A few publishers, however, did tell him that he could write. So, he got another job and wrote another novel, a literary action-adventure. And nobody wanted to buy it. A third novel — he was really proud of it — followed, and his agent rejected it.
One more novel, one he wrote in less than a month and deliberately made commercial, and every publisher rejected it. People felt sorry for his wife. His mother-in-law raised an eyebrow. He felt like a loser.
So, he got another job and, unwilling to quit writing, tried short stories instead.
Almost immediately, they sold and won awards. His story “The Calorie Man,” published in the Oct./Nov. 2005 Magazine of Fantasy and Science Fiction, won the 2006 Theodore Sturgeon Award. His novelette “Pump Six” won the 2009 Locus Award.
“So eventually, my ego, which has never been small, got back in the game,” he recalled, laughing.
Over the next three years, he wrote a new novel and, even with a new agent, all the major publishers rejected it.
But Night Shade Books, a tiny publishing house in San Francisco, bought it and did a small initial printing.
Then Time Magazine named that novel, “The Windup Girl,” one of the top 10 novels of 2009. It won the Hugo, Nebula and Locus awards, the Compton Crook Award and the John W. Campbell Memorial Award.
What seemed like overnight success from the outside became the culmination of years of work. Finally, he could write full time.
“Ship Breaker” and “The Drowned Cities” followed, and next up is an adolescent book called “Zombie Baseball Beat-Down,” about a half-Indian, half-American boy living in Middle America who has to confront, well, zombies.“I started thinking about my own son, who’s half Indian,” he explained. “I though about what are this kid’s problems? Well, he’s mixed-race living in racist America. Then, my wife has a student who says he wants to read about zombies. So, I thought about this scene where zombies are coming from the meat packing plant, and this kid and his friends are literally having to beat them back with baseball bats.”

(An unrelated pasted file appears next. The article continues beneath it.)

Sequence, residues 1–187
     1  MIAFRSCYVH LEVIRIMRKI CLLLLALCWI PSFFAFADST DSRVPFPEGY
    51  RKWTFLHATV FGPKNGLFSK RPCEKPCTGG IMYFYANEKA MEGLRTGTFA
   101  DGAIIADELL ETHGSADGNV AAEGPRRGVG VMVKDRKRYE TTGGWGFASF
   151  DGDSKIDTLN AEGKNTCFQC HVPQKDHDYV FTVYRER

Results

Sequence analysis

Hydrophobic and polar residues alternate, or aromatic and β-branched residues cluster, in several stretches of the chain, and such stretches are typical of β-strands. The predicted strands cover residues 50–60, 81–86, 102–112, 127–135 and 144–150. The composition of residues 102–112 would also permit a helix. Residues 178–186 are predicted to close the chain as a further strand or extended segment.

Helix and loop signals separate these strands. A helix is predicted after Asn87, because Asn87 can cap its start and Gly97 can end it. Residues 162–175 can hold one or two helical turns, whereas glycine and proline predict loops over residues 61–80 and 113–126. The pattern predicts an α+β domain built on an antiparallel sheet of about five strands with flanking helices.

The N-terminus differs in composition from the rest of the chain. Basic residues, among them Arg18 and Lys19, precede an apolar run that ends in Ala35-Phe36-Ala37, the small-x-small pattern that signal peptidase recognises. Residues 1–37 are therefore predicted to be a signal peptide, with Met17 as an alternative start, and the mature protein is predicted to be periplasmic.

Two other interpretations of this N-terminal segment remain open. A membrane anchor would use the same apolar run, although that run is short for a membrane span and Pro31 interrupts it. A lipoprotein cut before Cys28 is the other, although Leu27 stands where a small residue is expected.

Bacigalupi’s writing often focuses on dystopian futurescapes — a world that’s run out of oil and whose biozones are drastically altered because of global warming.
He said he remembers buying gas in Denver about 12 years ago, back when it was close to $1 per gallon, and musing as it pumped on what a world where it was $20 per gallon would be like.
The worlds he builds often begin from a seed of idea like that: What would the world be like if ...?
In “The Windup Girl,” set in 23rd century Thailand, mega-companies control the food supply through “genehacked” seeds, and plagues are common as a result. In “The Drowned Cities,” Washington, D.C., is flooded by rising seas and Virginia resembles South Florida.
He scours the news and lives with it — the excesses, the short-sightedness, the corruption — until he can’t anymore: “I’d go crazy,” he said. “Sometimes you just can’t think about it.”
And then he writes. He continually builds and grows the world, spends time inside its characters, then lays it out for his readers, treading a fine line between his craft and his essential need to move the story forward and make it interesting.
“You can become so fetishistic about the writing that you lose sight of what’s the juice I’ve giving my reader at this moment,” he said.
He gives his readers a lot of credit, and his style is not one of over-explaining because “you can make a reader fill in so much if you leave some space for them,” he said. “They build a world that’s more lush than you’ll ever build.”
He has ideas for a dozen projects down the road, perhaps more about the “Drowned Cities” character Tool, plus a sequel to that book, as well as more adult novels. He thinks in multi-media, in graphic novels, in worlds beyond worlds.
And he slips back into the swamp, to the edge of a pond, where a colossus and a monster are raging, and considers what might happen next.